Research shows that obese young people have a significantly lower quality of life rating — the same quality of life rating as young cancer patients who are on chemotherapy. Ostensibly, the low quality of life of obese youth is due to their being obese (not being able to wear cool clothes, not getting a boyfriend/girlfriend, being teased, etc.). Healthy eating and exercise are the conventionally recommended solutions for this. Thus, if obese young people are truly miserable being obese, why don’t they simply eat healthy, exercise, lose weight, and not be miserable anymore? Obviously, something else is going on.
We’ve now completed two consecutive five-month studies with our app, involving 87 obese young people, many of them severely obese. The app’s approach is based on the addiction treatment model of withdrawal and abstinence from problem foods, snacking and excessive food amounts. Motivating these youth to actually engage and try the app was a daunting endeavor. Given the low quality of life rating of obese youth, one would think that they would jump at any chance to eliminate their obesity. This should be particularly true for a new approach that is different from healthy eating and exercise, with which they’ve not previously had success. Such was not the case with participants in our two studies. Most resisted the app intervention, several vehemently.
It’s difficult to distinguish willful pleasure-seeking with food versus true out-of-control eating and inability to change in obese young people.
The quandary is whether obesity is due to brain changes, which the individual cannot help, or is it a voluntary choice?
Several youths in our studies reported that they have been overweight so long that they are accustomed to it. They are fatalistic that they will always be that way and don’t know how to change. One 400-lb. 21-year-old stated that he didn’t care about being obese as a teen — he believed that he would never be thin — yet what finally motivated him to lose weight in our study was “not wanting to die from obesity.” A 287-lb. 17-year-old stated that he wouldn’t worry about health issues from his weight until he was an adult, and his current lack of concern was a “teenager thing.”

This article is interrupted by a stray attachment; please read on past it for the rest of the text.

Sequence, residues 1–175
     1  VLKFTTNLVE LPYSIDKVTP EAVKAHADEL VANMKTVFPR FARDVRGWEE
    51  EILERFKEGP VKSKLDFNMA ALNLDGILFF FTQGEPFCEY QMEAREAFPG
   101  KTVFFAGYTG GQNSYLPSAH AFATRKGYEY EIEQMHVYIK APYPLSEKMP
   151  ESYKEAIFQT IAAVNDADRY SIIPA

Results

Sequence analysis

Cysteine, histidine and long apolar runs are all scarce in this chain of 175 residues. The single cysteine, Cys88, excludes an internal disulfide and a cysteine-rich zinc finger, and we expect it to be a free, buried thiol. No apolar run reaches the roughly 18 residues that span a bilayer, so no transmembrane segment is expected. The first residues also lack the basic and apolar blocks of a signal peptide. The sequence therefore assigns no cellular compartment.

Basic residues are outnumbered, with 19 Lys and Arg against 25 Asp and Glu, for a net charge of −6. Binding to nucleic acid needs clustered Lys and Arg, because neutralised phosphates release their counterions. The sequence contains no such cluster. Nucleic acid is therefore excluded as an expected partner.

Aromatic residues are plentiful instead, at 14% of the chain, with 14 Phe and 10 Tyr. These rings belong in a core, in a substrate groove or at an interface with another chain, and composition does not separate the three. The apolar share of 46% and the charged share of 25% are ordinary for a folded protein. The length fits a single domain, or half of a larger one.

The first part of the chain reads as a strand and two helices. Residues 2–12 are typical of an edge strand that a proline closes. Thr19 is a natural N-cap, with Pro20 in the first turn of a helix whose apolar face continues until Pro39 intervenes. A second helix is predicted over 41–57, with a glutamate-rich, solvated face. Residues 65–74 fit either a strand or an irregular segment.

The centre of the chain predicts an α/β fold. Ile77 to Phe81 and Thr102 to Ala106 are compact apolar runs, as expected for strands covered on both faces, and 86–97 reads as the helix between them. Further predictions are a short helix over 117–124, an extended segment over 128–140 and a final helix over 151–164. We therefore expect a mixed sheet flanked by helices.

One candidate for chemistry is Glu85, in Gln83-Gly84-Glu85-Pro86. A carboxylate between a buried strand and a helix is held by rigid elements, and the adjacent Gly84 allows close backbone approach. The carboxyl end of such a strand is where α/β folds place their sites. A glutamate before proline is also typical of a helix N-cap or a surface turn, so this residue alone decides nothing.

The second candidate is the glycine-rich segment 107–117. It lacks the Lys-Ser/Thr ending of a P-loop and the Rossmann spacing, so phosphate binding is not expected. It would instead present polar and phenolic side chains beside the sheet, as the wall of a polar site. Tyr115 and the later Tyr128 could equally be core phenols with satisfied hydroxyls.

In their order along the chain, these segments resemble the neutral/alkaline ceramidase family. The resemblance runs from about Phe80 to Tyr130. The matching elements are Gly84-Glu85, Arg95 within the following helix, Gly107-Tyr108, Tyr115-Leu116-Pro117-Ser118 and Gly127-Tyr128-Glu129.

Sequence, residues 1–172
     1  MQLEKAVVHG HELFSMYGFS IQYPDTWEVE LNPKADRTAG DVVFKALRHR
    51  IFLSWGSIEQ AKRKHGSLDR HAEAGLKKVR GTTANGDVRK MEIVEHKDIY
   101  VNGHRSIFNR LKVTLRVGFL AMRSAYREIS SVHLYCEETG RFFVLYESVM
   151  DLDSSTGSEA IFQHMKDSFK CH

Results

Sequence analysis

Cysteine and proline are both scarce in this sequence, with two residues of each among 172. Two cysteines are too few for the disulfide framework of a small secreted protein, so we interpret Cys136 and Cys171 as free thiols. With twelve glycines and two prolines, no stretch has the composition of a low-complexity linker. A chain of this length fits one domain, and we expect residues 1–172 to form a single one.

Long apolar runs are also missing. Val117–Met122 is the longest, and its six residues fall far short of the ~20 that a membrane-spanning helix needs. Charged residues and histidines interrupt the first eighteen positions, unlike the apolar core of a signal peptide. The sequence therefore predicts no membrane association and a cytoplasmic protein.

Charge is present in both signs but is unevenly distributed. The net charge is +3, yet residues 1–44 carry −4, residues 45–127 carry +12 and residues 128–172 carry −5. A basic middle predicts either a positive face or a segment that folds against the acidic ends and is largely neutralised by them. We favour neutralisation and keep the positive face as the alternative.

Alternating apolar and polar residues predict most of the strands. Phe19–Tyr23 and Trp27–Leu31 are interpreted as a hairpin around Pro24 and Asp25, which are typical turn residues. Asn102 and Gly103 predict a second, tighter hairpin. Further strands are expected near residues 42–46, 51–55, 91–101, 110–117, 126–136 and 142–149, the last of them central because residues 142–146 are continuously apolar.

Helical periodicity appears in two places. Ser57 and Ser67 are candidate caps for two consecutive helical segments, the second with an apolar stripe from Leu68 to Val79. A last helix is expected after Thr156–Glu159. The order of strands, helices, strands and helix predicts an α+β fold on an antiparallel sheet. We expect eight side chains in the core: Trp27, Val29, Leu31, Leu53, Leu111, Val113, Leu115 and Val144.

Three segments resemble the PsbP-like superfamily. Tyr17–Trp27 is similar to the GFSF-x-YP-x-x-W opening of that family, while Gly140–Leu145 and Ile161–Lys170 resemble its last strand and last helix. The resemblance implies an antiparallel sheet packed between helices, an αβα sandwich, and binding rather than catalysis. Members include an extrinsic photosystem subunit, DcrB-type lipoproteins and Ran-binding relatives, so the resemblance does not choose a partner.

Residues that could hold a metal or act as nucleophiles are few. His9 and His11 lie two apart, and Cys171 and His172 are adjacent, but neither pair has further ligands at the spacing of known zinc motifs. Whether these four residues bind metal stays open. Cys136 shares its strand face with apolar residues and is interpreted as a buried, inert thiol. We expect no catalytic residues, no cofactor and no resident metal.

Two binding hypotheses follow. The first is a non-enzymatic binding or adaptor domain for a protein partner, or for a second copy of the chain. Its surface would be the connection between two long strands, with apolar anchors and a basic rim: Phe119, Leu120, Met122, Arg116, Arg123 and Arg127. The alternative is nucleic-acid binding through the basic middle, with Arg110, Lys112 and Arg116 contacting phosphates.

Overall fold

Most obese youth in our studies rated the question “How much does being overweight bother you?” as a 10 on a scale of 1-10 (1=least important, 10=most important) and their commitment to lose weight similarly. Even so, many became quite angry when asked to eliminate problem foods and especially to reduce the large food amounts to which they were accustomed. Several dropped out of the study as a result. Others would not admit what they were actually eating, adamantly claiming they were eating only small amounts, in spite of the fact that they continued to gain weight. When we confronted their claim as physically impossible, they accused us of calling them liars.
Why would obese young people so vehemently resist measures to decrease their obesity? The rub of course is that any approach requires decreasing food intake. It would seem that they fear loss of food more than they are bothered by being obese. Withdrawal symptoms (grouchiness, depression), tolerance (needing to eat more and more for the same effect), loss of a stress coping mechanism, and giving up food’s pleasure as their main relief from life’s pain are likely factors. Moreover, as with other addictions, obese youth may be compelled to overeat just to feel normal.
Your responses and feedback are welcome!
Image by LisaValder.